Town working on rules to make backyard fires legal

Town working on rules to make backyard fires legal

CUMBERLAND – It’s the oldest trick in the book for Cumberland residents who need to justify their backyard fire when safety officials show up: Have a rock wrapped in tin foil on hand.

But technically, says Fire Chief Nicholas Anderson, even a fake potato ready to eat isn’t reason enough to be allowed to have a fire under current ordinances.

Town Councilor Robert Shaw has been working with Anderson on drafting potential new rules governing backyard fires, saying he wants the Fire Department to have rules to go by when responding to complaints, but also allow residents to use the fire pits that “90 percent” of them are using anyway.

“I want to make fire pits safe and legal in the town of Cumberland and without having to use any loophole for them to be allowed when there are no safety regulations in place,” he said. “It’s a pro-fire pit approach, not an anti-fire pit approach.”

Some residents have “fire pits the size of a pool footprint,” said Shaw, and there are plenty of instances where there are valid concerns but no method for enforcement.

Anderson said he is willing to help the council by providing some safety recommendations to be considered for residential fire pits.

“The current open burning ordinance is for taxpayers who are zoned agricultural with over 2 acres,” he said. “Burning season is done January through March by permit.”

Ceremonial burning is also allowed by permit.

The town has many responsible taxpayers who already own and operate residential fire pits, Anderson said.

“According to ordinance, they are illegal,” he said. “Many taxpayers ask the Fire Department for recommendations on how to operate their fire pit. I believe their recommendations should be in the ordinance.”


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An example of something that would not be allowed, said Anderson, would be a homemade, wood-burning fire pit on someone’s deck.

Current rules don’t view outdoor fires “as a social thing” as they are today, said Shaw.

According to Anderson, existing rules don’t allow fire pits, even when food is present. He said he believes a food exception may have been included in an earlier town ordinance.

“We all know there are many fire pits out there. We don’t respond to them unless they become a nuisance,” he said. “Realistically no one is going to fine you unless you are creating a nuisance or the police feel your actions are unsafe. Most are reasonable and respectful.”

Outside of burning on 2-acre parcels, the only other rules in town on fires relate to a 1991 ordinance on external furnaces.

Shaw, who said he doesn’t use a fire pit himself, told The Breeze he’s been doing some research into ordinances in surrounding towns. He said this is about doing what’s right for the people and giving fire officials the tools they need when called. Fire pits aren’t going away, he said.

Just like many things in society, change occurs “and we need to address topics from both sides of the line,” said Shaw, including those who are all for fire pits and those who are concerned about the dangers they pose.

Anderson will have great involvement in the creation of any ordinance, said Shaw. The chief is doing research now so the two can meet “and put something together,” he said. He said he hopes to have something to present within the next month or month and a half.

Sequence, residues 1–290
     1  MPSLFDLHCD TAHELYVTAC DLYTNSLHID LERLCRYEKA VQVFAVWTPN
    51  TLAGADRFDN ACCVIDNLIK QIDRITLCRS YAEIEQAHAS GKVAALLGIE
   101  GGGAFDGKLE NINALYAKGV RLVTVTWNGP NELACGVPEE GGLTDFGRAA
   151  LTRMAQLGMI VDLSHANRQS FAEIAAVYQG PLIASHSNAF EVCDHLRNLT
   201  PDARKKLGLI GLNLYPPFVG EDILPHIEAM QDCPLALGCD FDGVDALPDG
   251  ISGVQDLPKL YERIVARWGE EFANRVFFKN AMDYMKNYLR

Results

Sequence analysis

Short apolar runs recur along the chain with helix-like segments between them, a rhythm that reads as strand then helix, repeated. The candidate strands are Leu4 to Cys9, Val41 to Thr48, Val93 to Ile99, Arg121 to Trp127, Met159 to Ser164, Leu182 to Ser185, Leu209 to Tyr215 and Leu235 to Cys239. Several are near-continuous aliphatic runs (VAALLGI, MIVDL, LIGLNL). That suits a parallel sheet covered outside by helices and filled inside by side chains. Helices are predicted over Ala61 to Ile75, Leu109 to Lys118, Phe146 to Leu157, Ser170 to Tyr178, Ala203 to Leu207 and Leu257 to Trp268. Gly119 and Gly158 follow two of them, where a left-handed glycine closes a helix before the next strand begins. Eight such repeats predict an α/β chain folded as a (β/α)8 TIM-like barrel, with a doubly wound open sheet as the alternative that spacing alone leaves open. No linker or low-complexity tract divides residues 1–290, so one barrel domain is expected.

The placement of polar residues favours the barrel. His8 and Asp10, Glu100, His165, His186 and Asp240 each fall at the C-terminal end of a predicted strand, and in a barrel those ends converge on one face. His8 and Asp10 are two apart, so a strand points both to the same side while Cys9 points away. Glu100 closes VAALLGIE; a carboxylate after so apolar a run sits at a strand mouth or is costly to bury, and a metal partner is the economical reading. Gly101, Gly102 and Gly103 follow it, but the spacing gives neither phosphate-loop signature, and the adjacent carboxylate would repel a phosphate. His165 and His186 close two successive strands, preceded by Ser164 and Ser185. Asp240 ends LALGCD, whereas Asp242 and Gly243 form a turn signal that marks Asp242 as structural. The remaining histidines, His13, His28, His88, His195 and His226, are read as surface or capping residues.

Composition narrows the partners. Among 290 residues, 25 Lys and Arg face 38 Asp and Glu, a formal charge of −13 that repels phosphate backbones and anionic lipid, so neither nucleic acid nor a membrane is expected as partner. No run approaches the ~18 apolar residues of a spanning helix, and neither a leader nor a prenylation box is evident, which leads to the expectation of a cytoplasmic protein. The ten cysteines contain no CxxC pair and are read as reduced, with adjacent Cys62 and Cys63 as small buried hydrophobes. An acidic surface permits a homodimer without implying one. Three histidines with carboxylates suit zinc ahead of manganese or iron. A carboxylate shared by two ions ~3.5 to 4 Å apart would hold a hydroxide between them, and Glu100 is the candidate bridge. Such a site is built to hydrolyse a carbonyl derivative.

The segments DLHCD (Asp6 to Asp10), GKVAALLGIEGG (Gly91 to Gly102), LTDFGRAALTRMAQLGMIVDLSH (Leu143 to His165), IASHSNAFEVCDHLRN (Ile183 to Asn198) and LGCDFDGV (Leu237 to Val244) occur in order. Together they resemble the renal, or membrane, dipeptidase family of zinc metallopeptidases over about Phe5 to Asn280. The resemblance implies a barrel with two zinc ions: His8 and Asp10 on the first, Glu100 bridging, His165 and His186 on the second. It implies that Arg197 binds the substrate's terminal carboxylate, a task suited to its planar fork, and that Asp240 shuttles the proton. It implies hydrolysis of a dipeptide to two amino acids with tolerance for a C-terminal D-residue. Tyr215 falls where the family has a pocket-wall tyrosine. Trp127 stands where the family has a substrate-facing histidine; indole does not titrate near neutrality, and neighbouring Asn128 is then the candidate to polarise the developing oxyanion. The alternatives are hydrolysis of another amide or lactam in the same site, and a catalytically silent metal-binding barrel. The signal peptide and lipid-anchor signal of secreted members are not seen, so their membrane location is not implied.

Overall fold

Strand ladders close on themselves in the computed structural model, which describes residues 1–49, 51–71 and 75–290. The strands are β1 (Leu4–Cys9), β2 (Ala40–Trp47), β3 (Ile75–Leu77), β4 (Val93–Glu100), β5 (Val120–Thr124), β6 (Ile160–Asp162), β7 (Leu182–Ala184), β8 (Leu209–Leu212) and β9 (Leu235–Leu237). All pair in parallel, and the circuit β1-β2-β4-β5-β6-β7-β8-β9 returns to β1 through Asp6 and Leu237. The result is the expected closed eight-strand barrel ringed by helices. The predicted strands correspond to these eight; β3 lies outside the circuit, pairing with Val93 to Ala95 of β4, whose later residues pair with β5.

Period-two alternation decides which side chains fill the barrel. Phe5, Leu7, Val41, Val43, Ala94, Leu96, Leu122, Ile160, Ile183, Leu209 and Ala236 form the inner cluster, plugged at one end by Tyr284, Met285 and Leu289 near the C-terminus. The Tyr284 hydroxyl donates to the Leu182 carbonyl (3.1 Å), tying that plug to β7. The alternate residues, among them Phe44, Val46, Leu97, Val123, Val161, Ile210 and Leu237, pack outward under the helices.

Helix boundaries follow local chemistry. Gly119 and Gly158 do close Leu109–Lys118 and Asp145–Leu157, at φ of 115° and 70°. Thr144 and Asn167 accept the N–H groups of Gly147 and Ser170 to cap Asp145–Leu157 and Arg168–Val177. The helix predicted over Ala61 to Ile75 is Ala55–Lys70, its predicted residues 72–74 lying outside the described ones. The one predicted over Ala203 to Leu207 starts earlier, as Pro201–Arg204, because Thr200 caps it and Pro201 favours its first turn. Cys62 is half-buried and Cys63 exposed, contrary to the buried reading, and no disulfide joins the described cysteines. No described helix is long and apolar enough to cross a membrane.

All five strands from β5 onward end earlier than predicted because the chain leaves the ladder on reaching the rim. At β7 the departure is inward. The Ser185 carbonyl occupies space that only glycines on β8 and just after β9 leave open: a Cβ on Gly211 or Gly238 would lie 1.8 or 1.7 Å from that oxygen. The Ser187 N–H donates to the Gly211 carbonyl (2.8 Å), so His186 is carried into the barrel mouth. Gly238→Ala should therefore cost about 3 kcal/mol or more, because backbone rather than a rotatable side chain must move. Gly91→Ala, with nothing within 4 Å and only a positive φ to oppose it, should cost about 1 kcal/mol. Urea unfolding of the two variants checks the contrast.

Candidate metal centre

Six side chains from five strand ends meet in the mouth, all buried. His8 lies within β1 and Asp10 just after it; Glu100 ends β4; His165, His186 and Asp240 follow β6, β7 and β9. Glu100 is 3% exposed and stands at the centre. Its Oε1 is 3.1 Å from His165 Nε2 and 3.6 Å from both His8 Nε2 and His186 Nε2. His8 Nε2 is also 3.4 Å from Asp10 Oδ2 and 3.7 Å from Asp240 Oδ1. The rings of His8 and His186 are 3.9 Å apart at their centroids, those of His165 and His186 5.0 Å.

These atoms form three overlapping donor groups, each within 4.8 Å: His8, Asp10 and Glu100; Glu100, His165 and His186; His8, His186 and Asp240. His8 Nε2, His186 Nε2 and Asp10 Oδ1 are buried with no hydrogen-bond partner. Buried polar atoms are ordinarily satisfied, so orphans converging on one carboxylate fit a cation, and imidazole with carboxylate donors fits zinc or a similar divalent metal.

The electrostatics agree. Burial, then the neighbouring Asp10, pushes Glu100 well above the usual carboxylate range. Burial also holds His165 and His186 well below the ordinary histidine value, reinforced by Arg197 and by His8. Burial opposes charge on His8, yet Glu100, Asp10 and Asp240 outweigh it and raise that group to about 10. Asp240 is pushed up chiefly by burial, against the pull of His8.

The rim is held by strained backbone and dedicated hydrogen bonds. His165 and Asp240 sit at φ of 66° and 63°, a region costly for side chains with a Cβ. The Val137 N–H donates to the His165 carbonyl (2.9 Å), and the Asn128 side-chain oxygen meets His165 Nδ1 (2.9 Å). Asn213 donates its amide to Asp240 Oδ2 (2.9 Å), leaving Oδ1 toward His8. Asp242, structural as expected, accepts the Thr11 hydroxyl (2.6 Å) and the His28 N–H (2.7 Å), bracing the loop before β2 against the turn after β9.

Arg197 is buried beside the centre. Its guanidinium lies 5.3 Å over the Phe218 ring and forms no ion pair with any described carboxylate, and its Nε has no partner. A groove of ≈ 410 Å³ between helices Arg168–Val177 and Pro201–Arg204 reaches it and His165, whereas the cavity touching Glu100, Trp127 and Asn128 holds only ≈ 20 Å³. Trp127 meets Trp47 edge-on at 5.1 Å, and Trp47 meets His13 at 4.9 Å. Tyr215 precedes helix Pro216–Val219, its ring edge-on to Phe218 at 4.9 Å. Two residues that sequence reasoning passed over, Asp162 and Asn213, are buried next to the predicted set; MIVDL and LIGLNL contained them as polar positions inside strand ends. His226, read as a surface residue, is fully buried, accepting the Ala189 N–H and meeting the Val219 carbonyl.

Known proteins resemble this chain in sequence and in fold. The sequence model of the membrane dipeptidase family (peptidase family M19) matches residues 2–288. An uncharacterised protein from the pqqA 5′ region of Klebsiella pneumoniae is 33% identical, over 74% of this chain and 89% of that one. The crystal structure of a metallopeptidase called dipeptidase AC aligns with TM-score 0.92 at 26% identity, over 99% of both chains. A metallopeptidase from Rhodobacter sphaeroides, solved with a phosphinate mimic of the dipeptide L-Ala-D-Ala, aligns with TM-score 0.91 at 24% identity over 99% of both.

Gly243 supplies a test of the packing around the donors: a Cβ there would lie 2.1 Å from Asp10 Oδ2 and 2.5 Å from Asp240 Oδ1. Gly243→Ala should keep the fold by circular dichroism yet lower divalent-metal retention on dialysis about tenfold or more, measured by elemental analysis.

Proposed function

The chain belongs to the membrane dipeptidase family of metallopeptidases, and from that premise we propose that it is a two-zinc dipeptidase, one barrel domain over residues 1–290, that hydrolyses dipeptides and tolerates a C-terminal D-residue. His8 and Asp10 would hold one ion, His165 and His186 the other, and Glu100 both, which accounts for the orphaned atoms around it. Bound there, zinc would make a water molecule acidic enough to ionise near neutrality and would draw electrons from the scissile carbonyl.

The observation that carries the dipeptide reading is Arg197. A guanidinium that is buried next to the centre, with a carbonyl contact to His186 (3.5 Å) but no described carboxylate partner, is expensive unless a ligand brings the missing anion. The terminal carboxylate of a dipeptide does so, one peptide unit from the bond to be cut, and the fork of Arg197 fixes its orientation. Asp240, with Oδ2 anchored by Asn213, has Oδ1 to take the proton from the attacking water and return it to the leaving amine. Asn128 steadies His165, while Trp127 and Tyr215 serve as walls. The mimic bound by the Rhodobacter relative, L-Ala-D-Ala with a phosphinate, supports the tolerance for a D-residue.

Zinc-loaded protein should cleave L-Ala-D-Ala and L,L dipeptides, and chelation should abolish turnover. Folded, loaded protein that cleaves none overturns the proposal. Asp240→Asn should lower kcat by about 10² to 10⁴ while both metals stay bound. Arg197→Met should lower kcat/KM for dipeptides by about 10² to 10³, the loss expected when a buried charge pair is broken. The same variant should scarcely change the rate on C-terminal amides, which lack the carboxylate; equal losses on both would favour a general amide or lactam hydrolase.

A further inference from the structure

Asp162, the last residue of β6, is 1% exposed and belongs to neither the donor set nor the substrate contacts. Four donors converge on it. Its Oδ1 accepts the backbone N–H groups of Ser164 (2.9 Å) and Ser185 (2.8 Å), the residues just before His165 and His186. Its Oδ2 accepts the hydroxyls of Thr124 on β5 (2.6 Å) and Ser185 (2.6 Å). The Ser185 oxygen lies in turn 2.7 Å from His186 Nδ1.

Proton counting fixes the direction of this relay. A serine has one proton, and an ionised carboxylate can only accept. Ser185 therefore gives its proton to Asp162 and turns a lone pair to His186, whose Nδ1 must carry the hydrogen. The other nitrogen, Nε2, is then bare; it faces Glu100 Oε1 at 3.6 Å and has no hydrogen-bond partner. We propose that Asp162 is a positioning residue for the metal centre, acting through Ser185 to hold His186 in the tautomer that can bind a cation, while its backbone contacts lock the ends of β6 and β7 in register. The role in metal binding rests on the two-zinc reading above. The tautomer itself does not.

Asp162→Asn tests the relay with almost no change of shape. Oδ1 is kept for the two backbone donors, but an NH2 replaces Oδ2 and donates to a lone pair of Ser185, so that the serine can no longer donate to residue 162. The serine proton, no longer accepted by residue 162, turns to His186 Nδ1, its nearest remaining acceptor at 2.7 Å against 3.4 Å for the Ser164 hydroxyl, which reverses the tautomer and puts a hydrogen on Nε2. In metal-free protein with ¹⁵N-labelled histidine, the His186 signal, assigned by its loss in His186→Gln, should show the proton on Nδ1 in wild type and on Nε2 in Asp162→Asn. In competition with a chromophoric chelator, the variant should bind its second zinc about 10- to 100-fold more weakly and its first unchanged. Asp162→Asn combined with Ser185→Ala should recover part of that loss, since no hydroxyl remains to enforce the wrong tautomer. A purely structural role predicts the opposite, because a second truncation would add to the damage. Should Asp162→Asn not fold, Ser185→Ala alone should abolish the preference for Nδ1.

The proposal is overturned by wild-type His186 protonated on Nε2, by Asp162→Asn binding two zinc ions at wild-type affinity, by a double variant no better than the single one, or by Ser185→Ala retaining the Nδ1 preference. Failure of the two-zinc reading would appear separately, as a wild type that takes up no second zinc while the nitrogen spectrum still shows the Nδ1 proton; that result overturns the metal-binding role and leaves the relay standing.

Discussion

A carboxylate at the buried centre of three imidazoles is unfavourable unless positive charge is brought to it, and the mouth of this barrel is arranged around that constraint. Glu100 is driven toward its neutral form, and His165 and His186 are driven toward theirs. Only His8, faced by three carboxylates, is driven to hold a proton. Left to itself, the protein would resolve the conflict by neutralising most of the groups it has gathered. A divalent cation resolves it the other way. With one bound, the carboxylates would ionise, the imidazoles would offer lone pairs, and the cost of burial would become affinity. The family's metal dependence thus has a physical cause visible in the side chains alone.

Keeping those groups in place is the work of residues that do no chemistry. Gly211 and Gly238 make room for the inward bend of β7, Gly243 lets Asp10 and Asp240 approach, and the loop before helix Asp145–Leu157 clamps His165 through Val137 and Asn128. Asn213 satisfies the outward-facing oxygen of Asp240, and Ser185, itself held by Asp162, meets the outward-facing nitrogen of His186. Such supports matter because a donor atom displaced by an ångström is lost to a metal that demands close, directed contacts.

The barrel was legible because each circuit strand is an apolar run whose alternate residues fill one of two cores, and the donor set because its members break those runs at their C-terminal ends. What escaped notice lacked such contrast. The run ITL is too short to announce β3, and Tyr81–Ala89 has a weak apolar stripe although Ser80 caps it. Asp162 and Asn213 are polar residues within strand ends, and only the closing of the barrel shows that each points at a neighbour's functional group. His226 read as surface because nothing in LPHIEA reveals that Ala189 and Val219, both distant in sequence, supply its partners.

Comments

Fire pits should not be allowed. We live on quarter acre lots in my neighborhood in Cumberland and we choke on the smoke in our home with the windows closed when our two neighbors burn. The smoke pours in the soffit vents of the house.

I like this. There are many responsibile people that use their firepit properly. I'm sure there will those for and against like everything else, and if there are guidelines even better, or perhaps closeness to neighbors etc...

We’ve been using a fire pit for years. It would be nice to have some rules in place so if they do become a nuisance Something can be done versus banning everybody’s fire pit

The previous comment wants to ban them my suggestion is to wear their face mask kill two birds with one stone.

Chief Anderson, kudos on telling people how unsafe it is putting a fire pit on your deck, if only your predecessor knew of this...

https://youtu.be/miWY2cnO2cg

please limit the size of the pit, hours, and the location on the size lot. Why do I say this?? I have new renters aside me in my town, we all have 1/4 acre lots, and who love love love campfires...nightly. Then when they are indoors, burn their fireplace, nightly. My town limits the size and location, but does that help an asthmatic like me?? No. And as one poster indicated, the smoke permeates inside our homes.
Being an asthmatic, I have had to use my rescue inhaler and have needed an RX for daily asthma med. All because my town does allow a campfire for warmth and to eat....but no one considers asthmatics, no one. It is not a joking matter when you cannot open your windows to enjoy fresh air, there is none to have. Nor can I enjoy gardening as I once did. Keep this in mind. Gasping for air, INSIDE your own home because your neighbor has protected rights as to a daily campfire is just not enjoyable. So moving to the country is on the agenda for me, so I can breathe better. Joking about wearing a face mask in one's home due to smoke? That is insensitive. I don't want them banned, but having limits as to how often, hours of use, would be a nice consideration for asthmatics.